Individual and Population-Level Effects of Solid Coal Combustion Residue on the Estuarine Grass Shrimp (Palaemonetes pugio)
Kuzmick, Danika M.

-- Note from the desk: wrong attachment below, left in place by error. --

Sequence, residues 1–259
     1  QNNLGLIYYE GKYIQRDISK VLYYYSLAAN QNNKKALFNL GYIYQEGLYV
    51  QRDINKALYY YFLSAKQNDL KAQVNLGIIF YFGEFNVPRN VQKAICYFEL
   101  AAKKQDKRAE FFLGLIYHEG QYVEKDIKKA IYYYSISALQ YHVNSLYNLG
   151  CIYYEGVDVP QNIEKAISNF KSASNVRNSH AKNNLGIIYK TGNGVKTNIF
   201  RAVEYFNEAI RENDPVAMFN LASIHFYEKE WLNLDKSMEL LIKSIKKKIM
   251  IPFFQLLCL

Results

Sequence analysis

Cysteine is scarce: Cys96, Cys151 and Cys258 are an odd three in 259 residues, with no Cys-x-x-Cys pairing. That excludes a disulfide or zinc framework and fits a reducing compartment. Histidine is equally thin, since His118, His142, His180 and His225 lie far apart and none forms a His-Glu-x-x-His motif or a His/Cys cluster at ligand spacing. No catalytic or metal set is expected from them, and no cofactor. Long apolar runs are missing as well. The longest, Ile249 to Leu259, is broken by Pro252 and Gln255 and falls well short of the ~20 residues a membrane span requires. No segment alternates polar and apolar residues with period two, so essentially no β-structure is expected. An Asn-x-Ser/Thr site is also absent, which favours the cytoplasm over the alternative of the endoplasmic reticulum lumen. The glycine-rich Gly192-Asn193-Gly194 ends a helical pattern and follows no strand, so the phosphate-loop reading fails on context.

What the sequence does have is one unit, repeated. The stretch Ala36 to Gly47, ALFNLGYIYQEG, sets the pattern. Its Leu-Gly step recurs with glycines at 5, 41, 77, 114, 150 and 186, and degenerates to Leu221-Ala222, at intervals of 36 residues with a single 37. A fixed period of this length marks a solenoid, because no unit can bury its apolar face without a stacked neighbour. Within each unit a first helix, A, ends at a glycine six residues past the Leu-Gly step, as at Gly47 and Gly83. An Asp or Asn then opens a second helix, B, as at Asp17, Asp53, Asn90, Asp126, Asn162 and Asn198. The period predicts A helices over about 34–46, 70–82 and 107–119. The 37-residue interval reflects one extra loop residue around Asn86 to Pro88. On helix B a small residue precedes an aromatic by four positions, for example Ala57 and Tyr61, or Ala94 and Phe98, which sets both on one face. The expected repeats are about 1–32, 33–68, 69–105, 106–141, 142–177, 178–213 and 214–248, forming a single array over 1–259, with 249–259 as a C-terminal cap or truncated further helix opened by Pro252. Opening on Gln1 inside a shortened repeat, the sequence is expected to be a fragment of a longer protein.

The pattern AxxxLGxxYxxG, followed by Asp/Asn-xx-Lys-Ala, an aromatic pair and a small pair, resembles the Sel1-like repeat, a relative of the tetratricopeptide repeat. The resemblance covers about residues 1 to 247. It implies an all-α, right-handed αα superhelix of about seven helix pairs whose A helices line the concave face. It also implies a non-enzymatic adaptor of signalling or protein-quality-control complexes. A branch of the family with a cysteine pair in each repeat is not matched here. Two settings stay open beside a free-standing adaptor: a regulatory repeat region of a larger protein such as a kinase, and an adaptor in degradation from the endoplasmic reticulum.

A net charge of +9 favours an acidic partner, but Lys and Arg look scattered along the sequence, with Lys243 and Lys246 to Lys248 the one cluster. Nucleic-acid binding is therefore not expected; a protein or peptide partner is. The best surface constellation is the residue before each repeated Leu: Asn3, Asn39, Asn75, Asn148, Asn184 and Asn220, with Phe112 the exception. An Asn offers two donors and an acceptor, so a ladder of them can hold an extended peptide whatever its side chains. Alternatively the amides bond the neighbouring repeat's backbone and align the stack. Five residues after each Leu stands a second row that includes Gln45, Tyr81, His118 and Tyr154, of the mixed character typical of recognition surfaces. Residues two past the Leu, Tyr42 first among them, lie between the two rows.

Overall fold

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Burning coal for electricity produces solid coal combustion residue (CCR), which is rich in potentially toxic trace elements, and is frequently discharged into natural and man-made aquatic systems as a method of disposal. Lethal and sublethal effects of CCR on the estuarine grass shrimp, Palaemonetes pugio, were assessed. Grass shrimp were exposed in the laboratory to CCR-enriched sediments and food over a full life cycle. Grass shrimp exposed to CCR significantly accumulated selenium and cadmium. Chronic CCR-exposure caused significantly decreased larval survival, increased time to metamorphosis, and increased DNA strand breaks in shrimp compared to non-exposed conditions. Stage-classified matrix population models were constructed to assess the population-level effects of CCR on grass shrimp. The population models suggested that CCR-exposed grass shrimp would experience a decreased population growth rate, altered stable stage structure, stage-specific reproductive value, and elasticity patterns relative to shrimp in reference conditions.